by Katie Bowell, Curator of Cultural Interpretation
How many of you watched last night’s much anticipated MythBusters episode? I’ll admit, I’m disappointed that 500 mirrors couldn’t set a ship on fire. That would have been really cool.
Three times now, the MythBusters team have tried to answer the question: can you set a ship on fire using mirrors to focus the energy of the sun? And three times the answer has been: no. Some people might look at the outcome of the combined attempts as a failure; I look at it as a success. Not a success when it comes to the field of igniting boats, perhaps, but a success of the scientific method.
The Scientific Method is fundamental to science: it’s the process we use to investigate everything. You might be surprised how much you already use it. Are you curious? Do you ask questions? Do you look for answers? You’re already using the scientific method.
What I really like about MythBusters is how the show tackles the last part of the Scientific Method: going back and refining your question, hypothesis and experiment. The Scientific Method is only five steps, but most scientific research is composed of repeating those steps over and over: refining your approach, questioning your methods, and re-examining your results. Science often takes a lot of re-thinking and time.
Yesterday’s episode was the perfect example. The MythBusters first tested the question can mirrors focus the energy of the sun enough to set a ship on fire the way its described in the story of Archimedes’ Solar Ray? in 2004. In that episode they designed an experiment, gathered and analyzed data, refined their methods, did the experiment again, and came to the conclusion that mirrors could not set a ship on fire. However, so many people wrote to the show with different ideas of how to modify the experiment, the MythBusters tested the question again with different methods. The results? Still no flaming ship. So now the MythBusters have tested the question a third time, this time using 500 student volunteers in an attempt to match the man power described in the story of Archimedes’ method. Each time, with different variables and controls within the experiment, the outcome has been the same: a very not-on-fire ship. And that’s alright. Results that reject your hypothesis are just as important as results that support it, because it adds to the knowledge of a subject and prepares you for the next question, hypothesis and experiment.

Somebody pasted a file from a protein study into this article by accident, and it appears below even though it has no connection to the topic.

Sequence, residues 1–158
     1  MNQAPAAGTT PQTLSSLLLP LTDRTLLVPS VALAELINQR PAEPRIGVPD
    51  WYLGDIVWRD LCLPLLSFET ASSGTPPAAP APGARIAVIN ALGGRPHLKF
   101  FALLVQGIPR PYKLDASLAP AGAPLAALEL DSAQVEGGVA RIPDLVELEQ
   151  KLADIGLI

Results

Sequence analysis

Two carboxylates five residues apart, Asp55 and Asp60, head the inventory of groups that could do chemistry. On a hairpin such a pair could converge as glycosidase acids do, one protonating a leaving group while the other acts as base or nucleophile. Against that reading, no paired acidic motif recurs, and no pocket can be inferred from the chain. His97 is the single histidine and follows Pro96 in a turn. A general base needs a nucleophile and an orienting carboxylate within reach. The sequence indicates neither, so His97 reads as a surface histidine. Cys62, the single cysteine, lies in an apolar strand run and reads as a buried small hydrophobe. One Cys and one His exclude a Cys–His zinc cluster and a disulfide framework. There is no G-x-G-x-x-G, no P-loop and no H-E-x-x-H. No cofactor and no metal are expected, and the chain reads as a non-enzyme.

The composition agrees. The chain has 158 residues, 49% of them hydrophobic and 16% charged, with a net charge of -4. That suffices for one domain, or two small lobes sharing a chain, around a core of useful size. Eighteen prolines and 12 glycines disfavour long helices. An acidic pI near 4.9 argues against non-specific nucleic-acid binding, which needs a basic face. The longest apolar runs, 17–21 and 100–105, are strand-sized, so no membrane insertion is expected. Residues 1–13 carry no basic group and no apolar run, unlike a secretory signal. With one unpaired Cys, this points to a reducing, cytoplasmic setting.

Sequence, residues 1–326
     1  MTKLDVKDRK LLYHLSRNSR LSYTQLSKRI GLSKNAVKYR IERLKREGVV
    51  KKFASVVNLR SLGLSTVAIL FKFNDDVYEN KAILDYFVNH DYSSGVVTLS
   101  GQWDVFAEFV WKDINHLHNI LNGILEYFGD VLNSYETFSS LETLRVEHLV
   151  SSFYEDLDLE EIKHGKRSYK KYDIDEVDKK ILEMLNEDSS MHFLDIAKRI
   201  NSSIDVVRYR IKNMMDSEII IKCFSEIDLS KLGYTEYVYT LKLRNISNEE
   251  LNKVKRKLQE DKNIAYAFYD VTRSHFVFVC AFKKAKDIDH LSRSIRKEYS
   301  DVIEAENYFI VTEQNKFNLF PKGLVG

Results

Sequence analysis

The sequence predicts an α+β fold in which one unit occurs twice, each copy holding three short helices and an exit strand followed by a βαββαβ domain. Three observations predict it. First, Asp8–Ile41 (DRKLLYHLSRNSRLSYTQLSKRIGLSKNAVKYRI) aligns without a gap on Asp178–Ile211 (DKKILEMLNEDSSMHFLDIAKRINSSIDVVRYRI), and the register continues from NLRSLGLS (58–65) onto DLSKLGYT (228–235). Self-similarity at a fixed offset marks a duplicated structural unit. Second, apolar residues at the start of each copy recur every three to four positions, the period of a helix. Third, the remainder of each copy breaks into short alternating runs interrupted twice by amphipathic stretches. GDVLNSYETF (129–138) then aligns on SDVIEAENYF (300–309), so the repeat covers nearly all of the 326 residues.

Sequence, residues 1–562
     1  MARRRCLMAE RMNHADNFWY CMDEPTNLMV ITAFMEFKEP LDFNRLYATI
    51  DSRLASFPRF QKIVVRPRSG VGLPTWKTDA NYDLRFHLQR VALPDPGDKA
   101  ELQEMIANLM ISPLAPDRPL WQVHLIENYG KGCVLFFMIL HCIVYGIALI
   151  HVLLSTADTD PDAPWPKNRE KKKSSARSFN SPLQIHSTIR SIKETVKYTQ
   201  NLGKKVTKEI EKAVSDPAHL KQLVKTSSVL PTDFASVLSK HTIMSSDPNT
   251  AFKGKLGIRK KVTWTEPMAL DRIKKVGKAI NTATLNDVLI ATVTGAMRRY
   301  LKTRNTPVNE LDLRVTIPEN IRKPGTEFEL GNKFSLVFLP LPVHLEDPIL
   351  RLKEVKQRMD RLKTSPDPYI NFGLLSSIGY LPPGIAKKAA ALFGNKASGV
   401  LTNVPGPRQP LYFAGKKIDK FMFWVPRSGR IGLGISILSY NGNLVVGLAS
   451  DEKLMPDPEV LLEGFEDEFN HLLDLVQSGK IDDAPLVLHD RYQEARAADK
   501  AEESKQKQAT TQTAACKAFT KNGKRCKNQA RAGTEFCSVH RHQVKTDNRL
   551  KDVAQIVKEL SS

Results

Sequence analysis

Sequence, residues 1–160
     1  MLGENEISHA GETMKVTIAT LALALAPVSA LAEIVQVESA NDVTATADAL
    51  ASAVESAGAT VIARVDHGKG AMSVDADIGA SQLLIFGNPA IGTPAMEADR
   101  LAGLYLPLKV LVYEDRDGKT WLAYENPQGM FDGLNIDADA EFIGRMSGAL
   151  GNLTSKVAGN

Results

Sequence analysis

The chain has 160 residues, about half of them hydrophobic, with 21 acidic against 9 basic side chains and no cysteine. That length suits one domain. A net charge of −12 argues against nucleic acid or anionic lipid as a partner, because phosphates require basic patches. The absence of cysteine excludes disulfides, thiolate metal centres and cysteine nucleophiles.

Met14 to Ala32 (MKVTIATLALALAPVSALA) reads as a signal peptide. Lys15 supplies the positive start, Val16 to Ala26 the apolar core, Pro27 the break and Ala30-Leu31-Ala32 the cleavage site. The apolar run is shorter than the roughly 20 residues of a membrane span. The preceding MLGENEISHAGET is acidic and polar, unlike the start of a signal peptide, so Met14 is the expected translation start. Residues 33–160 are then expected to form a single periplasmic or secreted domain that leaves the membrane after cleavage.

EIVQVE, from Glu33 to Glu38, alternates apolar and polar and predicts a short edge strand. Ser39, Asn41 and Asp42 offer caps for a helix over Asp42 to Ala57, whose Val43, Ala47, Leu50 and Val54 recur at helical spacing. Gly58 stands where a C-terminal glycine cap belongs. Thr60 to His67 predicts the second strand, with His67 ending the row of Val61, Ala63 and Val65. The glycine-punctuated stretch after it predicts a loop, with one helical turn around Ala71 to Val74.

One really cool outcome of the latest test of Archimedes’ Solar Ray? It turns out that 500 mirrors pointed at a ship will do a good job at blinding you, even if they don’t set you on fire. Perhaps Archimedes’ success in that particular battle wasn’t that he set an enemy ship on fire, but rather that the reflection of the sun off the soldiers’ shields temporarily blinded the enemy.* Look at that, a new idea just waiting for a hypothesis and experiment.
*Read here to learn how police are using lasers as defensive weapons in a way that might make Archimedes proud.